Yet when all is well and prosperous, people would rather not give or offer, but keep and hoard. For this is our nature. We keep our money, our time, our rights, we keep ourselves in the centre. This is the truth – we cannot deny it. But even though it’s very natural for us to keep rather than to give, we’re actually called to make a great offering. This is an offering Christians must make not only when we have the time or the resources, and certainly not only when the situation is bleak. This is an offering God requires for our life long; from beginning to end; when we are in Grade 7, and when we are in the twilight of our years.

In Romans 12 the Lord doesn’t knock on our door, or put out a general request; and He doesn’t ask us, “What do you have to offer?” No, God commands us that we must offer, and offer it all. Like the authorities might commandeer the homes or vehicles of regular citizens when times are desperate, God graciously comes to us and orders, “Offer everything that you have; everything that you are; everything that you will be!”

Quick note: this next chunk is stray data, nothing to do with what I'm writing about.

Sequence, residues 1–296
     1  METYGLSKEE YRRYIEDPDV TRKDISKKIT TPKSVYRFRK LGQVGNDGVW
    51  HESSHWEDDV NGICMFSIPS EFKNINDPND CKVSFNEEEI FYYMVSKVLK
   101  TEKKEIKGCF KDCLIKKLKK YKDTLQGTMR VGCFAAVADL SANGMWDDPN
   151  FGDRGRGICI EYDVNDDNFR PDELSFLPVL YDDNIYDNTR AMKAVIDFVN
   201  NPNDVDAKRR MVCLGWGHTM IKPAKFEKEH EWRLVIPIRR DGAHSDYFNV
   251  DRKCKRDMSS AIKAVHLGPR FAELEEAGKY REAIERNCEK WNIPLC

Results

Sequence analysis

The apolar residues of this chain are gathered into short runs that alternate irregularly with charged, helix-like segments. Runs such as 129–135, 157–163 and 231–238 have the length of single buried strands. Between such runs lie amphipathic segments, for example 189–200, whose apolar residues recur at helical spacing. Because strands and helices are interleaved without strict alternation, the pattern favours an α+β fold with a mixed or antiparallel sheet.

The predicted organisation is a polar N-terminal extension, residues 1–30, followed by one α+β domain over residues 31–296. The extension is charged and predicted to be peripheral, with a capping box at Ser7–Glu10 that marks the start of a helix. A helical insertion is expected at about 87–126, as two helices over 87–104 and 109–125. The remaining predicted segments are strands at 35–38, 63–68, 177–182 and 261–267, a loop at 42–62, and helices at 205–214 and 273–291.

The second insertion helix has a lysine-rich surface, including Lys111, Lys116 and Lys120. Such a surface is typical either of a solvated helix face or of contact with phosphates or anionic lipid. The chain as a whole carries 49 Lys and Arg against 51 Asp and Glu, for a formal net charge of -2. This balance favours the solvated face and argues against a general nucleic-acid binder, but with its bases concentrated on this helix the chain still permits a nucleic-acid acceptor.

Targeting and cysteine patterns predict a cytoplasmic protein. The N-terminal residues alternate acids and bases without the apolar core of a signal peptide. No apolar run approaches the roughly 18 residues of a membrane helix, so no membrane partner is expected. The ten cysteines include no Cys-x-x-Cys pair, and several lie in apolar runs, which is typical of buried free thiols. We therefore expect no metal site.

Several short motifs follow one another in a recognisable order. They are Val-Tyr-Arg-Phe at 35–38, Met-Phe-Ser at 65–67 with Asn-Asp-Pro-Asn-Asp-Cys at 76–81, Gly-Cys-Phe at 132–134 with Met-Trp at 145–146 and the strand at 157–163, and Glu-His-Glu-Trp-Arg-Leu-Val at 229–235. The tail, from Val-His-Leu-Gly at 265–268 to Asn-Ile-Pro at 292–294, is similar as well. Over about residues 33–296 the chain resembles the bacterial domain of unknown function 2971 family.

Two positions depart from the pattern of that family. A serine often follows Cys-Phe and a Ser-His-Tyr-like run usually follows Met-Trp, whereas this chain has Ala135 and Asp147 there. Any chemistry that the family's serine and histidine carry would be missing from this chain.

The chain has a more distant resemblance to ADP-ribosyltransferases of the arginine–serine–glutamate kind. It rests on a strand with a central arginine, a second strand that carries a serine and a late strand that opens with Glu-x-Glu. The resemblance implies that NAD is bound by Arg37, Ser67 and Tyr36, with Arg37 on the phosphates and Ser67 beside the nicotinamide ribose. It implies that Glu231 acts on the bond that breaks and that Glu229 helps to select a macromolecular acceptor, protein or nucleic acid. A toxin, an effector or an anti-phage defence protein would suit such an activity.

These verses touch ALL of life, whether you’re a student or a labourer, a stay-at-home mom or a business owner, a junior or a senior. Being a “living sacrifice” must be the theme of our entire lives! Hear God’s Word from Rom 12:
         

“Offer your bodies as living sacrifices!”

1)     the reason for our sacrifice

2)     the character of our sacrifice

3)     the pattern of our sacrifice

4)     the practice of our sacrifice